Google shuts down plenty of products. Reader, Glass, Talk, Wave. But the closing down of Helpouts gives particularly valuable lessons for those who are building WebRTC based applications and services for the always on ‘find an expert market’, of which there are many.
While it’s clear that it didn’t get enough traction and had some monetization issues, the real question is why? In healthcare in particular there is a large and growing world of people for whom video communications, powered by WebRTC, is a critical lifeline (literally). This is a world that includes housebound cancer-patients, the blind, recovering drug addicts, time-constrained parents and their community of carers, and healthcare practitioners. A recent report cited 89% of healthcare executives that said they expect telemedicine to transform the U.S. healthcare system in the next decade, with the number of patients using telehealth services growing to 7 million in 2018, up from 350,000 in 2013.
We all have a fascination with the billion dollar startups. Venture Capitalists try and identify them early, media laud them (or bring them down to earth), and early adopters claim discovery. One new technology innovation has the potential to spark the creation of more billion dollar companies, and markets are starting to pay attention. So what is WebRTC, and why is there so much interest?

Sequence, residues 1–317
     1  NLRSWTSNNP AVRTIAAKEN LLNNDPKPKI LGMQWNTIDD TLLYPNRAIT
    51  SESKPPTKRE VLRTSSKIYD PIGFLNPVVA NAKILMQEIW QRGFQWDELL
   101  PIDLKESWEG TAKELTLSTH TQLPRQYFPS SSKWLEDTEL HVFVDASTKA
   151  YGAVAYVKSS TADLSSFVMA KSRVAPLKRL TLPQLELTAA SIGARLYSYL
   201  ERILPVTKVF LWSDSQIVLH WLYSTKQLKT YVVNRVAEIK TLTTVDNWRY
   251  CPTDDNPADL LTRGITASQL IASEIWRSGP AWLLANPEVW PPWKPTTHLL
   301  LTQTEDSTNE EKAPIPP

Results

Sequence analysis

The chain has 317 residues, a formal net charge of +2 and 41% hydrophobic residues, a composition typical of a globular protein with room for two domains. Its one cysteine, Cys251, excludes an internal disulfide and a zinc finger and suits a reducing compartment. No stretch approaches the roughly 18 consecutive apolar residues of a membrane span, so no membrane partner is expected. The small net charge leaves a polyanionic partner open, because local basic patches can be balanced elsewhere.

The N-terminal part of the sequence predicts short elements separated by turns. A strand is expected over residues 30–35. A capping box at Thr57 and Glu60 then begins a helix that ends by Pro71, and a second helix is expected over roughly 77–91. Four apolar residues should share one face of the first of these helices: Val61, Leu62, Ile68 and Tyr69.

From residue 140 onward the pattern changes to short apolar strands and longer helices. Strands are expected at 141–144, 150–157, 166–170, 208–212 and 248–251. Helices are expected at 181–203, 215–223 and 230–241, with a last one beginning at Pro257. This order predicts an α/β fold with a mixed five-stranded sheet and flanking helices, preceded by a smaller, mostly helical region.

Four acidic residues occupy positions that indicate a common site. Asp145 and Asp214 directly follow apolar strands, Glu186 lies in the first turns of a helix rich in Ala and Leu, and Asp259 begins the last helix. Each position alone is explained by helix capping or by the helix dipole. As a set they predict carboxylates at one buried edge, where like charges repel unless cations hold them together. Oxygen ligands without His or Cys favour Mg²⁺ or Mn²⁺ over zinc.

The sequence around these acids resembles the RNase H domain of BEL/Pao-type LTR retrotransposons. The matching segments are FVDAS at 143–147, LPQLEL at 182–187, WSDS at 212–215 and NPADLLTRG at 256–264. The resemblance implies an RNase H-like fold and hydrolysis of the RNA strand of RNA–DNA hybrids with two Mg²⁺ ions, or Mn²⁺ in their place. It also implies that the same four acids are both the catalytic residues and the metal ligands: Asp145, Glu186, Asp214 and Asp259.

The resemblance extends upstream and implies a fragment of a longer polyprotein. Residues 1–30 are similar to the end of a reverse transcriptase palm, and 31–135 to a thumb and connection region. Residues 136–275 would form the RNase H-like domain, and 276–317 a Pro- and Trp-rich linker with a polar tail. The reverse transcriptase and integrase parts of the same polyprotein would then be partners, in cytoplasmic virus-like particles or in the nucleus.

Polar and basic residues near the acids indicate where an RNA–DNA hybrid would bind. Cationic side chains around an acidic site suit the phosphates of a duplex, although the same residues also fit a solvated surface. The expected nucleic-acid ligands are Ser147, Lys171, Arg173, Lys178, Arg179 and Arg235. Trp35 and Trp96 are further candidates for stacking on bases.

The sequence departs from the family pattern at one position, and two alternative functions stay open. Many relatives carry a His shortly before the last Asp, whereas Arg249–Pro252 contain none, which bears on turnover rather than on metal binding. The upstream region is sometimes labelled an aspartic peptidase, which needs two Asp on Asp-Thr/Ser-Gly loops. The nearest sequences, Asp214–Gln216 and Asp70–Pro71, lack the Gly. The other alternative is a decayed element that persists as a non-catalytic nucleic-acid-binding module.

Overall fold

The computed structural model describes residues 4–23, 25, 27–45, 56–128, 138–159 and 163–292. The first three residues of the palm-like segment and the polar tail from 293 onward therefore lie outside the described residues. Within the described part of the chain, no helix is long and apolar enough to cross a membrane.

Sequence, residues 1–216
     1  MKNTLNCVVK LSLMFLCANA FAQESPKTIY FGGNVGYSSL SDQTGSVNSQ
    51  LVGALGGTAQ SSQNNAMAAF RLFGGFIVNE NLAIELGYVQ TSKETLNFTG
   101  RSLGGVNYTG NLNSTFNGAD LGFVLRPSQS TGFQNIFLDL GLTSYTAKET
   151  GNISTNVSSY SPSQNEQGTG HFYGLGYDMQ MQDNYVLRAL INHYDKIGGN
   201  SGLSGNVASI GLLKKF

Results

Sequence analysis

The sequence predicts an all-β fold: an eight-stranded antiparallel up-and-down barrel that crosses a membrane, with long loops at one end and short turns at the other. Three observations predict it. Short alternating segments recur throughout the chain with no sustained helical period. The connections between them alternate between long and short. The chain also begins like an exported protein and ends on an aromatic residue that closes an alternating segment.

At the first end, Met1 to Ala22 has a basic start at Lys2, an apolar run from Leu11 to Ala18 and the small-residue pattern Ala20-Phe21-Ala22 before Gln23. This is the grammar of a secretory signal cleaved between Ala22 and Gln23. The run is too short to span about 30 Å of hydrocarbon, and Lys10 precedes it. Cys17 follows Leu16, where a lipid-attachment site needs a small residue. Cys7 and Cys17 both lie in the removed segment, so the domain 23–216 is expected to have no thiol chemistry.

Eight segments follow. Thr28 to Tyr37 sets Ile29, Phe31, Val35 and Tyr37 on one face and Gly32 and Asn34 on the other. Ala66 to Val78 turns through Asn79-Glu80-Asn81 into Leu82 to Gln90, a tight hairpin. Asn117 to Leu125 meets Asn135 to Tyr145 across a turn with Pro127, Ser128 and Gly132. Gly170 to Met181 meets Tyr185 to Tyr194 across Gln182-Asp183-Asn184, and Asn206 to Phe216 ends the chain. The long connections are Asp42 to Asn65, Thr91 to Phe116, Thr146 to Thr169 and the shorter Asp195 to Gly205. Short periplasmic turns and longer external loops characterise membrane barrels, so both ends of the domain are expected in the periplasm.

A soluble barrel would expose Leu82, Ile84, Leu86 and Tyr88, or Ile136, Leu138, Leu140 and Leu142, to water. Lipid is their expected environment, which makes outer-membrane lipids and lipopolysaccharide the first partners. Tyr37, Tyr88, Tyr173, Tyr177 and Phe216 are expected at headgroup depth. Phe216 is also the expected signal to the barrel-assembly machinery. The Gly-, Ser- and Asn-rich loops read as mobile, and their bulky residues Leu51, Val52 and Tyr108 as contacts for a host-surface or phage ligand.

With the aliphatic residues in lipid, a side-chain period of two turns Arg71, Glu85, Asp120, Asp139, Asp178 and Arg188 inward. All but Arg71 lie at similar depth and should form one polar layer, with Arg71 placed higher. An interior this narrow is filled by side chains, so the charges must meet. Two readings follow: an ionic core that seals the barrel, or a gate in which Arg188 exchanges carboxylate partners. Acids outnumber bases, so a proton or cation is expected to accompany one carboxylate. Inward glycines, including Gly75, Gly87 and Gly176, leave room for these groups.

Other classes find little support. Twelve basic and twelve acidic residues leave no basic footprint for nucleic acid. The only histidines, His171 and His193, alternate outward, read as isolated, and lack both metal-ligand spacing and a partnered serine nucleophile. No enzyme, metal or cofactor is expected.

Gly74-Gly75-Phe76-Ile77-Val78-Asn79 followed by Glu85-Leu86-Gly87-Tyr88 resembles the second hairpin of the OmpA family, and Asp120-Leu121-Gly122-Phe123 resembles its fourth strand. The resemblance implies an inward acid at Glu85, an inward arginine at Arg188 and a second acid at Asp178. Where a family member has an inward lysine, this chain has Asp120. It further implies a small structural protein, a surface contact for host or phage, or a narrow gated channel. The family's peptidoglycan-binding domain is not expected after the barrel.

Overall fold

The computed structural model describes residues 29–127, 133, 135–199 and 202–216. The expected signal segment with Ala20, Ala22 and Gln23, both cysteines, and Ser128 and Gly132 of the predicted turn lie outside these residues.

It begins with recognizing the emergence of two massive trends. The first is the increasing appetite for ‘on demand’. This is evident in everything from movies to car rides, hotels, relationships to groceries to well, everything. And communications is a core part of this, just look at Meerkat and Twitter’s latest acquisition, Periscope, bringing
A few days ago we released version 2.4.1 of our Android and iOS SDKs. This update to our SDKs were prompted by Mozilla’s implementation of a security enhancement which we fully support. However, this enhancement has the unfortunate side effect of making older versions of our mobile SDKs incompatible with Firefox 38 (scheduled to hit production on/around May 12, 2015). Not to worry though, the 2.4.1 SDK fixes this compatibility issue.
What did Mozilla change?
In an effort to bolster security Mozilla updated the encryption scheme for DTLS negotiation of the WebRTC handshake.